Tuesday, 10 August 2010
One of my favourite medical sayings is 'If you hear hoof beats, look for horses, not zebras', first coined by the renowned American surgeon Dr. Ben Eiseman in the 1960s. It's an aphorism that was frequently drummed into me when I was training in acupuncture.
What this means is that common conditions are common, and rare conditions are rare, so a practitioner should usually resist the temptation to immediately diagnose a rare and unusual illness if there is a more common condition that matches all the symptoms.
We can all probably be grateful for this wise advice - just think if you had a GP whose first assumption was that your mild headache was a brain tumour, your nosebleed was early onset Ebola, or your rumbling tummy was a sure sign that an Alien was about to burst out of you. In almost all cases, it would scare the living daylights out of you, and be wrong as well.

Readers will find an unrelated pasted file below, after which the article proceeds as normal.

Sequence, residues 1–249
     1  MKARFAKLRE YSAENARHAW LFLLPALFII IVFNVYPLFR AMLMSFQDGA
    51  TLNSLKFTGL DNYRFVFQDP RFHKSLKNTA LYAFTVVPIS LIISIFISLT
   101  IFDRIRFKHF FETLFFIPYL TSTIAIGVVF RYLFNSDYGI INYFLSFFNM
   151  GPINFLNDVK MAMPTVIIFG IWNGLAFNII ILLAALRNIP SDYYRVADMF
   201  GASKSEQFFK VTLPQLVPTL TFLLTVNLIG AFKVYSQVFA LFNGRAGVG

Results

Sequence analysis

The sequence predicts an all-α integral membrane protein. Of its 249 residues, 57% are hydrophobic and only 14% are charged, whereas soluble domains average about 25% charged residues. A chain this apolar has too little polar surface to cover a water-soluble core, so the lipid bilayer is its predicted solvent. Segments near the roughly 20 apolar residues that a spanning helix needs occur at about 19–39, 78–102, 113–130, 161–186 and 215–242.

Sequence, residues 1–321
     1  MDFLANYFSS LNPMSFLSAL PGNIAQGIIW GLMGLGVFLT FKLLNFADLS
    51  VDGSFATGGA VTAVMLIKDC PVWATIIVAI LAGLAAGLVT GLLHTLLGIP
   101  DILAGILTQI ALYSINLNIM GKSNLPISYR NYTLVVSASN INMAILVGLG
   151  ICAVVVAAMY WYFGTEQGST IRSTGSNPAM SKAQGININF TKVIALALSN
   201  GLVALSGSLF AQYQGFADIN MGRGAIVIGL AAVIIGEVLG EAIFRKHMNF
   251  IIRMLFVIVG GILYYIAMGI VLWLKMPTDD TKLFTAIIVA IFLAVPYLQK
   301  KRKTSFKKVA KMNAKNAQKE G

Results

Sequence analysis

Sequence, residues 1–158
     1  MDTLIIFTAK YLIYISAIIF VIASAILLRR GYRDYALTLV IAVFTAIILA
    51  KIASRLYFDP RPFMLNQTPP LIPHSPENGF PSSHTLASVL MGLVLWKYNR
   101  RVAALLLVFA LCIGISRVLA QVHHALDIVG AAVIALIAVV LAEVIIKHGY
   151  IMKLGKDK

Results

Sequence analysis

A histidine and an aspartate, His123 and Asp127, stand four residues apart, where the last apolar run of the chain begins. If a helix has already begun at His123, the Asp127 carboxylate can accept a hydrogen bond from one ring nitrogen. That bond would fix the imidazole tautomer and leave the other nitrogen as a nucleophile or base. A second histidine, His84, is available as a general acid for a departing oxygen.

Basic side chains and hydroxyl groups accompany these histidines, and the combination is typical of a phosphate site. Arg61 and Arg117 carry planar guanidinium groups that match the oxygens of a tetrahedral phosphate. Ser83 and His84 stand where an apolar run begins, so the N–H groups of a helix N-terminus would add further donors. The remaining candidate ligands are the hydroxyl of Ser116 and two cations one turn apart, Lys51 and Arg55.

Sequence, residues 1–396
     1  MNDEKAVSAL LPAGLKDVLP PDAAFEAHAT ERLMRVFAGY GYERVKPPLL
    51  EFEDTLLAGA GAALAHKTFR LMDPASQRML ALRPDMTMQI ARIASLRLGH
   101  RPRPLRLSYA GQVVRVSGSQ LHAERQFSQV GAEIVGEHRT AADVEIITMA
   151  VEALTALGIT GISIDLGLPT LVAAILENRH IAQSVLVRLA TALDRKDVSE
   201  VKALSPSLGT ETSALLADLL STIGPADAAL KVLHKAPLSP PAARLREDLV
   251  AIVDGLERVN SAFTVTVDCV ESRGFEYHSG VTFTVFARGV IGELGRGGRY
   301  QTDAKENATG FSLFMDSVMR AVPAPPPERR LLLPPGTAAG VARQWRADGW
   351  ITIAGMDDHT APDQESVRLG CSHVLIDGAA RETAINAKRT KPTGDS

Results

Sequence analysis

In the past, the only people who usually had to have their diagnostic enthusiasm restrained were medical students. However, in the age of the Internet and Google searches, we have a new legion of cyberchondriacs, typing their symptoms onto a search bar.
And when they do so, they often find zebras, not horses. A good friend of mine was asking me last week what might be the cause of the strange bitter taste in his mouth after eating. A google search had taken him to a website where one person had attributed his symptoms to eating pine nuts.
"Well, Bob" (not his real name), I said. "Have you been eating a lot of pine nuts recently?"
"No," he replied. "Probably not that then." I said, stroking my chin. "Do you have any heartburn or acid indigestion?" "No." Have you been on the razz, sleeping poorly and eating badly recently?" "Oh yes, most definitely!"
"In that case, it's most likely to be the taste of bile, and the result of overdoing it. Western doctors used to call it biliousness, and Chinese medicine calls it Liver Fire. The first thing you should do is rest, eat properly and cut back on the booze, and only think of further treatment if it doesn't clear up."
"Damn ... cutting back on pine nuts would have been a lot easier!"
Definitely a case of dealing with horses ... not zebras.
Of course, rare conditions do sometimes happen, and the art is to recognise their unique characteristics when they do, but in most cases, the most obvious explanation is usually the right one.